On October 9th, NASA spacecraft will run into the moon, and on purpose. The Lunar Crater Observation and Sensing Satellite
) and its rocket's Centaur
upper stage will impact the moon, with the goal of sending some of the (possibly present) ice above the lunar surface. Once out of the eternal shade of the moon's south pole, sunlight will break the ice up into H+ and OH- molecules, which can be detected by the Lunar Reconnaissance Orbiter
). The initial impact site was the crater Cabeus A
, but the target was later changed to Cabeus (proper)
, selected for highest hydrogen concentrations with the greatest level of certainty, and for the high-contrast back drop to detect ejecta and vapor measurements. NASA has provided guides for amateur observations of the impact
, a facebook group
, and a Twitter feed
so you don't miss the moment.
posted by filthy light thief
on Oct 8, 2009 -
If you were doing research in the 60s, You might've heard of Polywater,
A form of water that exhibited wide variety of interesting characteristics and existed under identical conditions to that of normal water. Eventually debunked, none the less is a fascinating story. Naturally one draws parallels to Vonnegut's ice nine, but did you know there actually is an ice nine?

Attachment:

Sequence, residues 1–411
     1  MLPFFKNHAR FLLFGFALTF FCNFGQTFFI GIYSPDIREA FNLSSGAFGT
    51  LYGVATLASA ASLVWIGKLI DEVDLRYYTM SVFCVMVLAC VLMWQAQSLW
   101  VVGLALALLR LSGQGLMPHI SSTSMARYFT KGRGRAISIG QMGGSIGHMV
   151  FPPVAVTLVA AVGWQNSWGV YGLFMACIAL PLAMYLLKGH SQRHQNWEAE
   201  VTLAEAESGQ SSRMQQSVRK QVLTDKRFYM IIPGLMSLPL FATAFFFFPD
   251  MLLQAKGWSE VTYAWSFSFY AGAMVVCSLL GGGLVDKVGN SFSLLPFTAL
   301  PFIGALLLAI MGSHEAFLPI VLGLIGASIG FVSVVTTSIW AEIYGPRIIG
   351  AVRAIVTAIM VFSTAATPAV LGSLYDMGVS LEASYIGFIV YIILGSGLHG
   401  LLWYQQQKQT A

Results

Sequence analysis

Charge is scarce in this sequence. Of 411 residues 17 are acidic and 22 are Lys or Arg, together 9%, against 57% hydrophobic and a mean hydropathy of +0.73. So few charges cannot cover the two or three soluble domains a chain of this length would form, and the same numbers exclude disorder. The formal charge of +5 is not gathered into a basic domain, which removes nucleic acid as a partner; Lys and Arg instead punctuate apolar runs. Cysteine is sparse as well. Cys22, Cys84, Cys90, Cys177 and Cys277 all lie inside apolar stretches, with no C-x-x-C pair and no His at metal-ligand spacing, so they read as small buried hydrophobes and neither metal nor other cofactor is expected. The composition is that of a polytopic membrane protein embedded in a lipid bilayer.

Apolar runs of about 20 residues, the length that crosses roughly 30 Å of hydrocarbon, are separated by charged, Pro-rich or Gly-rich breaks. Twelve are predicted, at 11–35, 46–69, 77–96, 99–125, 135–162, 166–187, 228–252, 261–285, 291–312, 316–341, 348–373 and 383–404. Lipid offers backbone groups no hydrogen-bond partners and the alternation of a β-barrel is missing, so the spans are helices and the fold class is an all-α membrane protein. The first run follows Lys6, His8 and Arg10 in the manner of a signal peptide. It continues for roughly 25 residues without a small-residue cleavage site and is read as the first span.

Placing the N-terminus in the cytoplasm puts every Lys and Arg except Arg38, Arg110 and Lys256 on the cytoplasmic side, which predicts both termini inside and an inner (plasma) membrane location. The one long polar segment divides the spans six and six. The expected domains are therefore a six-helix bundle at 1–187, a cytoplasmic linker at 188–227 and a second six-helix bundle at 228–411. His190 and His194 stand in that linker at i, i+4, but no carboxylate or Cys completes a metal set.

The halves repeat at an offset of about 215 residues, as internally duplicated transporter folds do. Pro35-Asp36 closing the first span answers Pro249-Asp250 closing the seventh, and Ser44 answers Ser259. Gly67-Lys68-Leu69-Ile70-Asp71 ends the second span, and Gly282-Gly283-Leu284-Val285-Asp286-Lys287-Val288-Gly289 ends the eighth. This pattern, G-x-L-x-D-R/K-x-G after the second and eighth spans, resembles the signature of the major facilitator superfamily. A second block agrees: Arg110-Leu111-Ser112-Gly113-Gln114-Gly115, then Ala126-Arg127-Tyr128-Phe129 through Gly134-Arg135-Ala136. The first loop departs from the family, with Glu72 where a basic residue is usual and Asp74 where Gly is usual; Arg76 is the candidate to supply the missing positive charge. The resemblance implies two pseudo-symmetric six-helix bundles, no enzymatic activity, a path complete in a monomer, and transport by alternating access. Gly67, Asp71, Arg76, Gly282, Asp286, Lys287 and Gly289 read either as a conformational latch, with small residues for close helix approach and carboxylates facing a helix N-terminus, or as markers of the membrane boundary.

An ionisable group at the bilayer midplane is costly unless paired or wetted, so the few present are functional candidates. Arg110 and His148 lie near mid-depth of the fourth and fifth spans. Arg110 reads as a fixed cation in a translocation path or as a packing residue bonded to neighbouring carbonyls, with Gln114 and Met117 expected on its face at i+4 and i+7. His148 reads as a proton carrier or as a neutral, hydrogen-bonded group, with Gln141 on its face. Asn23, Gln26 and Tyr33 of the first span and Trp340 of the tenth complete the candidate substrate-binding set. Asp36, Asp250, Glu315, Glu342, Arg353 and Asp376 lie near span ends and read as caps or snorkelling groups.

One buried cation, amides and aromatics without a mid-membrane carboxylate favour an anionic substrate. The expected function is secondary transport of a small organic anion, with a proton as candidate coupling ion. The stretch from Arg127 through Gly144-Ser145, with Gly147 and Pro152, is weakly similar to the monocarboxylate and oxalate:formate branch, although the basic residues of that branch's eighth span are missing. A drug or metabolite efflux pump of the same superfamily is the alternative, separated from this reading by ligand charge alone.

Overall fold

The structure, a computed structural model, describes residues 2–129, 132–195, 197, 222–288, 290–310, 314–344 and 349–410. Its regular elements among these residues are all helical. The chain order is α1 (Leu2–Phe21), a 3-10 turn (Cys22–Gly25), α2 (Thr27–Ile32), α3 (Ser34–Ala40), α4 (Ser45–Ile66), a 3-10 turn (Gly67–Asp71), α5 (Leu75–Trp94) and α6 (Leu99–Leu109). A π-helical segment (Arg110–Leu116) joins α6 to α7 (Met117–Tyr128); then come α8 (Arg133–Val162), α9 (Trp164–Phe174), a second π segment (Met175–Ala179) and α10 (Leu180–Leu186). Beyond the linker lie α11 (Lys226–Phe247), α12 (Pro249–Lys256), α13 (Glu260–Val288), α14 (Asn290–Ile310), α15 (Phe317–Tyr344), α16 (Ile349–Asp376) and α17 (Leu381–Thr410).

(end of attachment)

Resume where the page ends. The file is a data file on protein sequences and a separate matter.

In fact, there's twelve to sixteen types of ice
, depending on your opinion.
More recently, computer simulations have indicated water may structure itself into icosahedra
, which, incredibly, is the platonic solid (described over 2000 years ago!) representing the element water!
And if you don't know what an icosahedron is, I bet you've used one before
. One of the most ubiquitous, and arguably most important,
substances in our lives, our understanding of water
is far from complete.
posted by Large Marge
on Apr 29, 2008 -
Scientists have discovered a planet composed of scorching hot ice
. Originally thought to be a gas giant due to its mass, its actually only four times the size of Earth and most likely composed of exotic forms of ice, such as Ice VII and Ice X
with s surface temperature of 300° C.
posted by Artw
on May 16, 2007 -